“Although recently more people have become aware of animal welfare, the majority of Indonesians still have no clue about how to become a responsible pet owner,” Carol says. “Many people cage or tie up their cats and dogs, keep wildlife as pets, and don’t know the first thing about the animals they keep. Some dump their pets irresponsibly for the most unbelievable reasons.

“We believe that most of the time this isn’t because they are exceptionally cruel, but because they simply have no knowledge of animal welfare,” she adds.

Carol says that when it comes to adopting an animal, many potential candidates make a spur-of-the-moment decision rather than carefully reflecting if they really want to have a pet and shoulder the responsibility that an adoption entails.

“There are many cases where people want to adopt cats or dogs but have no idea about the characteristics of the breed,” she explains, adding that local mixed breeds are often spurned because Indonesians prefer to show off a pedigree animal as a status symbol.

Since its inception in 2011, Let’s Adopt! Indonesia — a branch of Let’s Adopt Global, which started in 2008 in Turkey — has worked relentlessly to protect the animals on Indonesia’s streets.

One way to spread the word quickly is through social media.

“Our main focus is Facebook,” Carol says. “We also use Twitter, @LetsAdoptInd, and Instagram, although the impact is not as big as Facebook.”

According to Carol, social media has helped them gain exposure and connect to other animal rights activists, potential pet owners and dog and cat lovers. The various platforms also make it easier to keep in touch with the other branches of Let’s Adopt Global. Carol even goes as far as saying that their work wouldn’t be efficient at all if it wasn’t for social media.

The group updates its Facebook and Twitter accounts regularly; on Facebook, it shares stories about rescued animals, complete with a set of photos and conditions for adopting an animal. The rules may seem strict — but Carol wants to make sure that the animals, who have often led a miserable life before being rescued, will get a loving home with owners who will take good care of them.

Facebook users can simply share the photos and stories on their own wall, while on Twitter they often retweet, making sure that the news can reach as many people as possible in a relatively short amount of time.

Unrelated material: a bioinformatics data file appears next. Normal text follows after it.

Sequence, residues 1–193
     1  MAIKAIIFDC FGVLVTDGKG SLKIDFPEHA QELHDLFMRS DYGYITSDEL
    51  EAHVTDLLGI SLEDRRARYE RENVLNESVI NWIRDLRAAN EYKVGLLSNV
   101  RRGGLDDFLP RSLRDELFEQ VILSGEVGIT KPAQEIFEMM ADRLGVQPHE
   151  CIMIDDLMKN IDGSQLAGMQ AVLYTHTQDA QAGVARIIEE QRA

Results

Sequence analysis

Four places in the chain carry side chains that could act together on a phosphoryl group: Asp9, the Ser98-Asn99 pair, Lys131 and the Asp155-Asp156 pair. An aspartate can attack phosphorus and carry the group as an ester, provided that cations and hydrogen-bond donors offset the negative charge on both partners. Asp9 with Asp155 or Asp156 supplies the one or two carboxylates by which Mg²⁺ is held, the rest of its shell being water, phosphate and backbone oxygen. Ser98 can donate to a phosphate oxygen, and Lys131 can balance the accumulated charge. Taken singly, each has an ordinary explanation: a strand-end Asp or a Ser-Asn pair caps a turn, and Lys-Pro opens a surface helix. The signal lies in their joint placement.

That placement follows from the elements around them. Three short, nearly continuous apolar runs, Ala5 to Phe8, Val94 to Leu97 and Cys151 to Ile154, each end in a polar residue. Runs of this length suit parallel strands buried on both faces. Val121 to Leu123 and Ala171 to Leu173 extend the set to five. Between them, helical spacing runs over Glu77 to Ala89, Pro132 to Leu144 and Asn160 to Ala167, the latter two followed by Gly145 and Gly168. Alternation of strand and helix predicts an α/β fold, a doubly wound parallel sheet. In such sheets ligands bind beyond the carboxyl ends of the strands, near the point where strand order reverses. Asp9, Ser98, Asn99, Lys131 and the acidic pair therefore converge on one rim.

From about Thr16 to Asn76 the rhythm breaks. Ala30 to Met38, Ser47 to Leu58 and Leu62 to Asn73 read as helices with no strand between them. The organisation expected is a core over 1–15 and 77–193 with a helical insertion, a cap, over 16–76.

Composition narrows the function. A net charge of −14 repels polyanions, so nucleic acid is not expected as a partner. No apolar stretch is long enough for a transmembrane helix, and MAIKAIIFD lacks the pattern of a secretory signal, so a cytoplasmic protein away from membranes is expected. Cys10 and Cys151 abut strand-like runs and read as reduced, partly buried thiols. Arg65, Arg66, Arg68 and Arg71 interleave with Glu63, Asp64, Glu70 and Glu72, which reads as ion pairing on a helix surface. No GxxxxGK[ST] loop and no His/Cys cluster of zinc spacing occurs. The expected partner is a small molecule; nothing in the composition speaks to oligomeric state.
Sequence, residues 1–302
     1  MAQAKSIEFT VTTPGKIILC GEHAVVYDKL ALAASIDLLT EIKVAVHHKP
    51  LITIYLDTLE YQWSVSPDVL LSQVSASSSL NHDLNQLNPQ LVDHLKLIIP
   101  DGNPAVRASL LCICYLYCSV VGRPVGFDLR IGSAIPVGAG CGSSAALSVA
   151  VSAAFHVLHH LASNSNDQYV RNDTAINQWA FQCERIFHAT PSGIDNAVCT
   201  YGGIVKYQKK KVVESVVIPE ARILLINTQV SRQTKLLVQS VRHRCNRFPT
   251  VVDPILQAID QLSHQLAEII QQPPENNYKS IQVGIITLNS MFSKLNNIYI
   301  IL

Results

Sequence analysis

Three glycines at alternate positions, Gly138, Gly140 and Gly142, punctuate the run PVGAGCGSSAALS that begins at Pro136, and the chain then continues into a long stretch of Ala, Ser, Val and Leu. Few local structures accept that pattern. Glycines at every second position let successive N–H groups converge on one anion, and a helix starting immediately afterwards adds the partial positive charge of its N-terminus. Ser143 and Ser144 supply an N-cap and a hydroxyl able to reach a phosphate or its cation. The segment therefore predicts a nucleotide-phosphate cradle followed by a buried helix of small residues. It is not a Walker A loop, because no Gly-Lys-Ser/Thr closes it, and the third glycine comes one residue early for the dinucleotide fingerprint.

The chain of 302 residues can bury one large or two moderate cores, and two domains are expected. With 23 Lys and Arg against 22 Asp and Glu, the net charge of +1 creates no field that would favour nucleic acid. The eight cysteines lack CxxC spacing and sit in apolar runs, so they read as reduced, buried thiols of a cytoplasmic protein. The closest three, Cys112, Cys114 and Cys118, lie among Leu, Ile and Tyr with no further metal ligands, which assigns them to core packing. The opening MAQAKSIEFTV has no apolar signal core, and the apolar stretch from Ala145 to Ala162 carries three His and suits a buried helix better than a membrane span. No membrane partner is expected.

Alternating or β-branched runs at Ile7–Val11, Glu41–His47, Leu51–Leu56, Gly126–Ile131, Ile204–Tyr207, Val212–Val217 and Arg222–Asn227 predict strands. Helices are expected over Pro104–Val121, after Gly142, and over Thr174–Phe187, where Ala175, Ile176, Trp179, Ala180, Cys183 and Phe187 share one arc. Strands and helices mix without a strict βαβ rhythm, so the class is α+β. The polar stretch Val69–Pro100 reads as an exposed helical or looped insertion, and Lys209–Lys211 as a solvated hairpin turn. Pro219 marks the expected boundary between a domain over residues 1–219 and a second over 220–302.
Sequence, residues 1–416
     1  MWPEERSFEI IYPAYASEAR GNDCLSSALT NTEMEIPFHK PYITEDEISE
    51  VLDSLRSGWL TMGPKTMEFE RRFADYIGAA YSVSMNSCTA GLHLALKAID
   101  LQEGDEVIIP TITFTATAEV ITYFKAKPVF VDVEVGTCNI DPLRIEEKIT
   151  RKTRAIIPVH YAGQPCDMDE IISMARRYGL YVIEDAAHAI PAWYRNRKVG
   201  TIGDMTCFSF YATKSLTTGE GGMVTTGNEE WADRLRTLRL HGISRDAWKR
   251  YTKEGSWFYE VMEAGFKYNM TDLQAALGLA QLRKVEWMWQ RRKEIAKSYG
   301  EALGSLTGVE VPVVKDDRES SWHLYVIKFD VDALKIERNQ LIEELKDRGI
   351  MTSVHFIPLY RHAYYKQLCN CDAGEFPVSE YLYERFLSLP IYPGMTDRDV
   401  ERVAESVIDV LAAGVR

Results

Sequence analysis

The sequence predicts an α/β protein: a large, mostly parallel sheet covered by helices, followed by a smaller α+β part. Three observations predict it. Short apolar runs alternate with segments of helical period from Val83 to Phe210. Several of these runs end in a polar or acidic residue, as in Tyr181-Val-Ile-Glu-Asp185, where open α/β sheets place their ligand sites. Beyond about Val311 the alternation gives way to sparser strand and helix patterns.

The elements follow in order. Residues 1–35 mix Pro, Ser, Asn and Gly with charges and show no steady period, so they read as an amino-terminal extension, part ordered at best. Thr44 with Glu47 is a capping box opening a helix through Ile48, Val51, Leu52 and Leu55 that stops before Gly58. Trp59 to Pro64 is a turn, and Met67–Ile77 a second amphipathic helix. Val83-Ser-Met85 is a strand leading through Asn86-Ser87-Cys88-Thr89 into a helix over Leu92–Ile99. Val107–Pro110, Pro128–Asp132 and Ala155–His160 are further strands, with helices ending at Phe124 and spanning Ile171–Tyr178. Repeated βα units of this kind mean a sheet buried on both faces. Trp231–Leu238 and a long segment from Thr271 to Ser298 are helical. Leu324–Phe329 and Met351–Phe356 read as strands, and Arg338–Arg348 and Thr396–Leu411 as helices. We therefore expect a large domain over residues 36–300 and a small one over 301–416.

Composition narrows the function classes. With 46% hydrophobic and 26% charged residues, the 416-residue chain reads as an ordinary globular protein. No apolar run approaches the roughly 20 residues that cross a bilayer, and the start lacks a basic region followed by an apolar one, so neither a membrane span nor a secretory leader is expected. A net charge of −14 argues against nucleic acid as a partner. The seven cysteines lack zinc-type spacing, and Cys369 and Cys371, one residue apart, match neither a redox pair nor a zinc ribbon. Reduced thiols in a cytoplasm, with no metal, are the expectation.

One of the animals that recently found a new home through Let’s Adopt! Indonesia and with the help of social media is Leo.

“This kitten was rescued in Jakarta, with one eye popped out because of chlamydia,” Carol says. “Let’s Adopt Global helped us promote his case. Many people from all over the world donated to finance Leo’s operation, and a nice lady from Florida, USA, contacted us to adopt him.”

To get Leo all the way from Indonesia to the United States, Carol and her team had to activate their social media network, and in the end were successful in making the long trip for the small kitten as comfortable as possible.

“We found a flight volunteer to send him to the US, and someone else volunteered to pick him up from the airport in Los Angeles and keep him for the night, as his new mom was on the way to get him,” Carol says. “And we found them all through Facebook!”

Another animal rescued by Let’s Adopt! Indonesia, Dior, a Shih Tzu who had lost an eye, found a new home in Germany, also thanks to social media.

“That is unbelievable. We get to meet so many helpful people through Facebook,” says Carol, who takes care of six dogs and one tortoise at her home.

Carol and her team, as well as several volunteers, take turns managing the social media accounts for Let’s Adopt! Indonesia. While Carol also has personal Facebook and Twitter accounts, she likes to keep her personal life separate from Let’s Adopt! — because even though social media has greatly benefitted her work, she is aware of its many pitfalls.

“We have to be careful because it is very easy for people to find out who you are through social media,” she says. “There are many creepy people out there.”

Follow Friday is a series of profiles on the people who make up Indonesia’s ever-growing Twitterverse. Follow at your own risk.

No comments: